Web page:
“I had a conversation with a friend who told me about how in Atlanta it’s illegal to have an ice-cream cone in your back pocket,” Locher recalled. “Tons of time passed since that conversation but I kept thinking about it. I’m a firm believer that if a creative idea pops into your head more than three times you have to do something about it!”
Once the idea was planted, Locher began researching other bizarre laws around the United States and said she knew she wanted to work on a series and decided to photograph them as clearly—and cleanly—as possible.
How a Daughter Connected With Her Hunting Heritage Without Actually Hunting
Clare Benson grew up on Drummond Island, Michigan, the daughter of a hunter with generations of hunters before him. Though she learned to shoot a bow and arrow as a child, her father never took her hunting.
Benson’s ongoing series, “The Shepherd’s Daughter,” is her way of discovering a tradition that, in many ways, is her heritage, but, in other ways, still remains a mystery. It includes photos of her father and siblings engaged in real and imagined hunting scenarios, as well as self-portraits in similar truth-blurring situations. The idea for the “The Shepherd’s Daughter” originated while Benson was working on a series about her mother, who died when she was 11.
No Matter What You’re Into, There’s Probably a Convention for You
From pimps to taxidermists to dry cleaners, if there’s a group of Americans with common interests, there’s probably a convention made for them to mingle.
Can You Find the German Snipers and Experts in Camouflage Hiding in These Photos?
Simon Menner contacted the German army in 2010 to see if they’d be interested in helping him create images where members of the army are hidden, or, “Camouflage,” like the title of his series. Turns out they were, and the images ended up going viral.
Menner arranged two separate shoots, one in a “boring” forest in northern Germany with soldiers who were young and inexperienced. The second shoot, in the German Alps, was done with a group of elite soldiers.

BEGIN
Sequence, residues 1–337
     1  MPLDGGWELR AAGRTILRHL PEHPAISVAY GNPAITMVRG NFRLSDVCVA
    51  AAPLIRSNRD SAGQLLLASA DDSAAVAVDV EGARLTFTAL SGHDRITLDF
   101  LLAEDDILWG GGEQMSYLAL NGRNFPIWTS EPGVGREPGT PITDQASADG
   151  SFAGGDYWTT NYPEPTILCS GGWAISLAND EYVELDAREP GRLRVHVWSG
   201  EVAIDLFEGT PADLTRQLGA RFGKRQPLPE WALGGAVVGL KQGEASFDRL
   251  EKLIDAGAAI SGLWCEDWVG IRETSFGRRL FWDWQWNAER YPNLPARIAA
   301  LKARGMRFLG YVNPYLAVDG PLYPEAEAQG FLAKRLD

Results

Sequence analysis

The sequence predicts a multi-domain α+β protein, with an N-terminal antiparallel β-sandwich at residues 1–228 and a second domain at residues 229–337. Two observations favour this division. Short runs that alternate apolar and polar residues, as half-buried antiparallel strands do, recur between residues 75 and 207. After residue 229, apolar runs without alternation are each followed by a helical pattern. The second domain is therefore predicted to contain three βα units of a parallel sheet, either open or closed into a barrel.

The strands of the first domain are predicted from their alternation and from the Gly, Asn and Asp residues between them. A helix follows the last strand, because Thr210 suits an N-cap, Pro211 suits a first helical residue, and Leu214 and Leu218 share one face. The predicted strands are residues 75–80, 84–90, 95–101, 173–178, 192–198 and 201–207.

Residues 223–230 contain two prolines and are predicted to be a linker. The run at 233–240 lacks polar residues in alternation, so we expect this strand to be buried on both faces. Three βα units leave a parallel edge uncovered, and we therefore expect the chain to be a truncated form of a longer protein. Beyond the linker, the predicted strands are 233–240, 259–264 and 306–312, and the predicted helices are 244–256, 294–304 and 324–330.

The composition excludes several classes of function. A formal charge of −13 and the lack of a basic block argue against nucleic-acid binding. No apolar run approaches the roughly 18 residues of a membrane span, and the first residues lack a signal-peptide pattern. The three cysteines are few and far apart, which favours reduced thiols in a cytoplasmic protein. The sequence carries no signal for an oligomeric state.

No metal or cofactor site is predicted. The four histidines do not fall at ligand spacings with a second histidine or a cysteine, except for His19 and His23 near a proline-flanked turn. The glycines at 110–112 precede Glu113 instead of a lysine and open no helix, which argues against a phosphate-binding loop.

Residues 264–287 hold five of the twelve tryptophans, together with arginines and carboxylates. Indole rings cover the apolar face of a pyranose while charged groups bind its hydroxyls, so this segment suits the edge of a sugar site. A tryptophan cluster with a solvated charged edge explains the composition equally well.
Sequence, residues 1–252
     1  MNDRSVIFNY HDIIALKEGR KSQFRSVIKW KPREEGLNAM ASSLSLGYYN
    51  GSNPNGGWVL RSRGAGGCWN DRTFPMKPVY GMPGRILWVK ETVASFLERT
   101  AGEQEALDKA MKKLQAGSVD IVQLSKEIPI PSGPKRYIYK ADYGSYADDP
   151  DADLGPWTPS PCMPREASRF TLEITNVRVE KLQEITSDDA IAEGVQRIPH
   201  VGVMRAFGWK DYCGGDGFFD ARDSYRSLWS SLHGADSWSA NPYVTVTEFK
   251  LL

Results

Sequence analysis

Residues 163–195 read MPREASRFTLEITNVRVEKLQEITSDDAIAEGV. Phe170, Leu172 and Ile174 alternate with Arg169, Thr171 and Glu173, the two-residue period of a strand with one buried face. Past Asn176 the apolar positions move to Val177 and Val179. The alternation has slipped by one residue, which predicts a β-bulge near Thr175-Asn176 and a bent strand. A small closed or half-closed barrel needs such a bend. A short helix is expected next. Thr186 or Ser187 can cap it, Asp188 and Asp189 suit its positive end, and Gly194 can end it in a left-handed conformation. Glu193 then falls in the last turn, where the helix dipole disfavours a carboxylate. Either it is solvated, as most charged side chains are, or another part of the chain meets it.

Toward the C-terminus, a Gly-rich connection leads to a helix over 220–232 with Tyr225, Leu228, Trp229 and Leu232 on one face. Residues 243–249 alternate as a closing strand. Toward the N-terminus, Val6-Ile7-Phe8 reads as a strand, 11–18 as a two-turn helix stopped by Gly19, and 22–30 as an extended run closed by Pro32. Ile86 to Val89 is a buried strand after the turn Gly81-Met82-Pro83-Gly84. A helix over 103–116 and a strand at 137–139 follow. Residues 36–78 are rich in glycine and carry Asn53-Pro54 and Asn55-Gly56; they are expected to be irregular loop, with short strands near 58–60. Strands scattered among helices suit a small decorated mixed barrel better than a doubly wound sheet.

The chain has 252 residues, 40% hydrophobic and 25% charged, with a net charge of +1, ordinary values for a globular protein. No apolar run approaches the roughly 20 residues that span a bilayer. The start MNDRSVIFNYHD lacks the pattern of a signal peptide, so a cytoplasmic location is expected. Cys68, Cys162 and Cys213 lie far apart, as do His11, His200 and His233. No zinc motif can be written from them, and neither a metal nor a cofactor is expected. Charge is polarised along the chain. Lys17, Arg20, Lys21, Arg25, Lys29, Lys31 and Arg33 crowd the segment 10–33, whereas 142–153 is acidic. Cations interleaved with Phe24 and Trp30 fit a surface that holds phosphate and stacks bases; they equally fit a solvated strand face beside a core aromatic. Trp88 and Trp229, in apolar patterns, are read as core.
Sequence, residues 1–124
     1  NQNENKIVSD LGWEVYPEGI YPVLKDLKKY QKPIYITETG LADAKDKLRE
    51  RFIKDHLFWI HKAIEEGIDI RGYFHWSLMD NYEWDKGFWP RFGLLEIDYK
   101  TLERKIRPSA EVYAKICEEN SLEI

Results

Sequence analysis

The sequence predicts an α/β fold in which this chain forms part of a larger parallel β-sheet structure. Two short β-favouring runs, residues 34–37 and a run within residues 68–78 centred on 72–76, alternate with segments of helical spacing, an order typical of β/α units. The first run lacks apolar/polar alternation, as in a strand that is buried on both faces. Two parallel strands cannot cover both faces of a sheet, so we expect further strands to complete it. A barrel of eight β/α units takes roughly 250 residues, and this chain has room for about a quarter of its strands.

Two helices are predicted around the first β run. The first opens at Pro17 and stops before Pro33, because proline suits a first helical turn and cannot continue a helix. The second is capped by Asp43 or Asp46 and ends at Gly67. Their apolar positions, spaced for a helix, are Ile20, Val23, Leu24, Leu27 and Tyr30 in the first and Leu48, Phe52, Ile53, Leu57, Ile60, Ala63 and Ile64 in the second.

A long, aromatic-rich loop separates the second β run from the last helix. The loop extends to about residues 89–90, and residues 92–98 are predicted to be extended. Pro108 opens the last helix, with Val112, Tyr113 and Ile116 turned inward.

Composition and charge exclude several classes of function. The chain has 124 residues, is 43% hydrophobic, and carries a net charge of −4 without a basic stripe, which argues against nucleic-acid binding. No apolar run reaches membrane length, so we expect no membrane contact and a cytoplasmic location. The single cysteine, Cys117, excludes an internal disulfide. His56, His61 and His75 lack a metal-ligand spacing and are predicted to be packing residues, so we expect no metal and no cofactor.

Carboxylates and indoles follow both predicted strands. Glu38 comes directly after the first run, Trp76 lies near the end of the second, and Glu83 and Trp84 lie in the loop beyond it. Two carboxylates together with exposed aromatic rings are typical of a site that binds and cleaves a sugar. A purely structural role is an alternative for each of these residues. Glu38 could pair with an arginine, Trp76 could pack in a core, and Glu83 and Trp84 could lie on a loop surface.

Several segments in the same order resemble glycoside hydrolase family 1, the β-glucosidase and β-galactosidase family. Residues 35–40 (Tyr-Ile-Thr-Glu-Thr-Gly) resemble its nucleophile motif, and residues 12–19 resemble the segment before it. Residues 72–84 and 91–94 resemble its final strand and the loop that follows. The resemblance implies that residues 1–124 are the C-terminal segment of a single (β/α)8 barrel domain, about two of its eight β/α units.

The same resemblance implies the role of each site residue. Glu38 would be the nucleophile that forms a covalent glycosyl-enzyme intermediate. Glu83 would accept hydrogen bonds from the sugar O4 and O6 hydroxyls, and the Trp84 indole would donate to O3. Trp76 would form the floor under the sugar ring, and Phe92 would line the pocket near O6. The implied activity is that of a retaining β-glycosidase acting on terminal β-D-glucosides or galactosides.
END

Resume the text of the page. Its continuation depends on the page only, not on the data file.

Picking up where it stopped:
“I found it quite interesting to work with soldiers who had been ordered to follow my instructions,” Menner wrote via email. “I tried to be as respectful to them as possible, but nothing of what I told them was questioned in any way.”
Weegee’s Classic Photos of New York City Moviegoers in the 1940s
Weegee is best known for his images of urban crime, death, and nightlife. But a series of photos from the International Center for Photography’s collection, which are on display at the newly reopened Bow Tie Chelsea Cinemas in New York City through June 14, show another side of the famous photographer’s oeuvre.
Life Never Ran These Striking Images of What It Was Like to Be Black in 1950s America
Gordon Parks hadn’t been to his hometown, Fort Scott, Indiana, in more than 20 years when he returned there in 1950 as a photojournalist on assignment for Life magazine. Growing up as the youngest of 15 children, Parks attended the Plaza School, an all-black grade school in the heavily segregated town. Now, as the first black man hired full-time by the magazine, Parks wanted to find and photograph all 11 of his classmates from grade school as a way of measuring the impact of school segregation. The photo essay he created, which was never published, will be on display at the Museum of Fine Arts, Boston in the exhibition, “Gordon Parks: Back to Fort Scott,” beginning Jan. 17.